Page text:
Sania Katha stage a comeback -Pakistan Press Foundation (PPF)

Paksitan Press Foundtion

Sania Katha stage a comeback

By Biya Shadab

KARACHI: Sania Saeed holds the audience of ‘Main Adakara Banu Gi’ in thrall. The audience is absorbed by the moods of her character, Naila Anjum, a barely educated young girl from a poor socio-economic background, who aspires to be an actress and arrives at the doorstep of Zegham Rafiqi, an actor and teacher, played by theatre and TV artiste Ehteshamuddin. Eyes open wider when Naila expresses wonder, hearts sink when she experiences dread and the whole auditorium celebrates when she is joyful. The audience waits for her next utterance with palpable eagerness.

Moreover, Naila brings to light the challenges, aims and hopes of a girl who dares to dream despite her gender, and the economic and social disadvantages she is born into. But the play is not a gloomy tragedy. Inspired by Willy RuselÂ’s ‘Educating Rita’, written by Baber Jamal and directed by Shahid Shifaat, ‘Main Adakara Banu Gi’ is a comedy that projects social issues through clever punch lines.

The play is a tale of the bridging of two different worlds, of personalities and points of views shaped by different realities. Naila, with her crude mannerisms and religiously tempered perspective, collides with the world of Zegham, a highly cultured intellectual, who is more at ease surrounded by books than by people. After much persuasion, Zegham agrees to train her as an actress. Naila is dumbfounded, though, when Zegham insists she acquaint herself with the literary greats by way of training. What, she asks, has literature and art to do with acting, or life at all?

She is antagonised by his drinking, while he is antagonised by her labelling of Manto as ‘vulgar’. She prances about his apartment, performing crude re- enactments of Punjabi cinema and Bollywood scenes in her attempt to convince him of her super star abilities, while he struggles to explain to her the need to refine her language and attitude if she is to stand a chance as an actress.

Despite their differences, the two characters grow close, and share their innermost thoughts. The audience learns of Naila’s regret that she was never able to get a world-class education, yet in her struggle to rise, she sadly informs her teacher that it was not education that got her what she wanted, but other dubious means. “Yahan sab kuch bikta hai,” (Everything is sold here) reflects Zegham. Everything comes at a price: fame, success, and, as we learn from Naila’s story, even the love of those one fancies.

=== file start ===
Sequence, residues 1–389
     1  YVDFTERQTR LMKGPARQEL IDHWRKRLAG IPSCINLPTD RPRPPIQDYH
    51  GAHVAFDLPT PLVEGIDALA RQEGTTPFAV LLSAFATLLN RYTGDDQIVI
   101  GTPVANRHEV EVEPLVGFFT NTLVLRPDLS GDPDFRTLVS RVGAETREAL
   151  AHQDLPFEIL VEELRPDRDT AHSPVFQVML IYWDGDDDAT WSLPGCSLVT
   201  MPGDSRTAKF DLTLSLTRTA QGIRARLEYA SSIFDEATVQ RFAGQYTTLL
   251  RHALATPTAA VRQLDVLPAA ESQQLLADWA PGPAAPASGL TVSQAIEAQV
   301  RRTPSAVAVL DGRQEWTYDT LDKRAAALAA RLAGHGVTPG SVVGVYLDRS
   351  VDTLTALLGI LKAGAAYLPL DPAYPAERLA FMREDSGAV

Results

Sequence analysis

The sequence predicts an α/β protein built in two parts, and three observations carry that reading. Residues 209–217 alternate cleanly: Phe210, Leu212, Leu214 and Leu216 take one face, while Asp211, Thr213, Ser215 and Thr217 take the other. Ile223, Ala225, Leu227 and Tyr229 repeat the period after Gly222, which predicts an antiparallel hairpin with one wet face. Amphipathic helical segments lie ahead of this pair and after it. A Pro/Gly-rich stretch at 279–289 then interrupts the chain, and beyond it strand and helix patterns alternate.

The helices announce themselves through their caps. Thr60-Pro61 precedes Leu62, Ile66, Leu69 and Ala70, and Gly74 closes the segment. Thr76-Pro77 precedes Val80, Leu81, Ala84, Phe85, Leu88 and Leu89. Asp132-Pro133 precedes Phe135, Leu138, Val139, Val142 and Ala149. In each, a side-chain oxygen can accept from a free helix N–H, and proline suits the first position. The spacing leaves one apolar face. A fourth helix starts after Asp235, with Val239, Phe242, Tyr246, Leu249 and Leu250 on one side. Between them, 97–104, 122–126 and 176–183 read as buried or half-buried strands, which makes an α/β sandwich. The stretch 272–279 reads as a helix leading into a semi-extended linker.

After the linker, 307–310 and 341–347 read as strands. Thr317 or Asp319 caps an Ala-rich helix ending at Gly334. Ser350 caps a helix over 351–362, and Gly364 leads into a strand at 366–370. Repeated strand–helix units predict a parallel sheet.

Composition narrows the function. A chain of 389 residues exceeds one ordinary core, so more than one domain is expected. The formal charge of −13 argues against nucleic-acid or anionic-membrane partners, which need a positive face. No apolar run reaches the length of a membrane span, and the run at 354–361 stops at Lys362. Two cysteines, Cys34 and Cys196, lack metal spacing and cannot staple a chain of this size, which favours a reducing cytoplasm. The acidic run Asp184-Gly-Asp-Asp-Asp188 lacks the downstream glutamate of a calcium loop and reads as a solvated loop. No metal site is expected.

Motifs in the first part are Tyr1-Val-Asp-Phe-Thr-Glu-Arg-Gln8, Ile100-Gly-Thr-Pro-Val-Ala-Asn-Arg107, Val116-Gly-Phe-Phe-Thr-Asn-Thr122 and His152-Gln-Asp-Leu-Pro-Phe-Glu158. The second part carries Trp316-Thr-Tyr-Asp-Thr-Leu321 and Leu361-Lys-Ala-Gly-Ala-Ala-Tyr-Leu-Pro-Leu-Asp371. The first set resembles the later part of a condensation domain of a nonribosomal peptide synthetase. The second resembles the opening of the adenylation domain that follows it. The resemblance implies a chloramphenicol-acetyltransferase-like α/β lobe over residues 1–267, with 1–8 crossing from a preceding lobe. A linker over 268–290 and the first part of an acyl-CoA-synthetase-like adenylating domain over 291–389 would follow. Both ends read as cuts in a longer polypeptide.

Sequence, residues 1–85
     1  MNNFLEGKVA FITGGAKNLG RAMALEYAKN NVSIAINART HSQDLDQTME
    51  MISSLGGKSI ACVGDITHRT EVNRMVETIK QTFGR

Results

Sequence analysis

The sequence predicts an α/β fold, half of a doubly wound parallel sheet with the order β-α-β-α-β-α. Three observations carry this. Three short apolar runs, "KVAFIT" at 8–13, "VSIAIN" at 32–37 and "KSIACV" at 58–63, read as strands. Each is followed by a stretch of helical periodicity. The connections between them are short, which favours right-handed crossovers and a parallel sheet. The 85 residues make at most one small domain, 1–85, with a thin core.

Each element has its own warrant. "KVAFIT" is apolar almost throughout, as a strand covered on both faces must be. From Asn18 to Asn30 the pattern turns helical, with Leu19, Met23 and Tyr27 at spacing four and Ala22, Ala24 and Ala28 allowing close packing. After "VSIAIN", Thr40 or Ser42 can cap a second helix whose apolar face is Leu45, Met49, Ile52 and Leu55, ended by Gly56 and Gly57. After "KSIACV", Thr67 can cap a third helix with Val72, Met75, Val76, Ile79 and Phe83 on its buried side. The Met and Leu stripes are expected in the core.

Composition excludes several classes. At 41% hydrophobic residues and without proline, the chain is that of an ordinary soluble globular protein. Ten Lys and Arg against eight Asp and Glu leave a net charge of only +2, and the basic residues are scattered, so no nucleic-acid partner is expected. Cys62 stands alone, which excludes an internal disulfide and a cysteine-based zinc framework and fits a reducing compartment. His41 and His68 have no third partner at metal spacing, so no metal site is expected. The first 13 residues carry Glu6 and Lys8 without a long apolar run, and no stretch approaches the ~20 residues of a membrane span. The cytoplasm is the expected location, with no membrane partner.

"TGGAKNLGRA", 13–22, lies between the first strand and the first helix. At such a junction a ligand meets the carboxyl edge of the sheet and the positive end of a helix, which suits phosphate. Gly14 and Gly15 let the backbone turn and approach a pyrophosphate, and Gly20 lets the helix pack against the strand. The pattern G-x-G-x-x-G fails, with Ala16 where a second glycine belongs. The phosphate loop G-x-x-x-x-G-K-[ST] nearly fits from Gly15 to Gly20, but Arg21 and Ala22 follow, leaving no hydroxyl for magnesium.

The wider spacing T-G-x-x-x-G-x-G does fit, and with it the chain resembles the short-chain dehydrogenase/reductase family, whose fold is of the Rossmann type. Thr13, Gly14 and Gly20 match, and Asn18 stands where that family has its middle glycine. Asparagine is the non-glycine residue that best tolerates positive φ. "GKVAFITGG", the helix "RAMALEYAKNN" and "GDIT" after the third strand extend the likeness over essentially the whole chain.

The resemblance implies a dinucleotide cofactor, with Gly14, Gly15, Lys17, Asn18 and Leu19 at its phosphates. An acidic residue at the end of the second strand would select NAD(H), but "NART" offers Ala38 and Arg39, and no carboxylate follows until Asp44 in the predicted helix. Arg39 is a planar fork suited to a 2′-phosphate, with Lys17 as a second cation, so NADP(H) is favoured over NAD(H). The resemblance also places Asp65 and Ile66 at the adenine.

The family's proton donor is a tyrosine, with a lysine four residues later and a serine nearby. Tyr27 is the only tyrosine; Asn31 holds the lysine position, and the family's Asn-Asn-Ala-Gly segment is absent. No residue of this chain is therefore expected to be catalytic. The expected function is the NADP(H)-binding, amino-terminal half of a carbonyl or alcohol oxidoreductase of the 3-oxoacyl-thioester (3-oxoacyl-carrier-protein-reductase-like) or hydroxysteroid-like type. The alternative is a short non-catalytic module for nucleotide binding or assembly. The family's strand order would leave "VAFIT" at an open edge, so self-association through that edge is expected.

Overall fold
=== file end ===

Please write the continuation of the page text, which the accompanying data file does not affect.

Zegham on the other hand, tells her of his wife, who has left him due to his incessant aloofness to her needs. She has left him, for she feels he loves books more than her. Things come to a head in the play, when Naila unwittingly causes his efforts to convince his wife to come home to fail. Turmoil enters Naila’s life too, and she decides to take a stand against society and defy norms in order to live her dream.

“Life is absurd,” says Zegham, “without beauty and harmony.” To make sense of life, therefore, one must find beauty in it. The impression that these two characters leave on one’s mind is that beauty in life is to be found through the love and comfort we may find in others, sometimes in complete strangers or those radically different from us. True companionship erases the eternal human condition of loneliness and doubt.

Baber Jamal has done a commendable job of treading the fine line between humour and slapstick comedy, and the two member cast manages to keep the audience engaged for the more than two hour duration of the play. All the scenes are staged on one set, which is ZeghamÂ’s study and sitting room. The set itself is simple, but convincing.

The only flaw one finds is in Ehteshamuddin’s portrayal of a drunkard in the later stages of the play. Neither the voice, nor the body language indicates that he is a man who is drinking himself to oblivion over lost love. Given that Ehtesham is a veteran, this amateurish portrayal is rather surprising.

‘Main Adakara Banu Gi’ is the return of Sania Saeed and her theatre troupe, Katha, to stage. Katha, Saeed’s brainchild, was established in 1994 to produce contemporary plays that are socially relevant. After considerable success with plays like ‘Taarikyion ke SaayeÂ’ and ‘Khushi ki Chirya’, Katha faded from the scene about five years ago.

The play will be staged from June 6 to 9, at 8pm at the Arts Council theatre auditorium.
Source: Dawn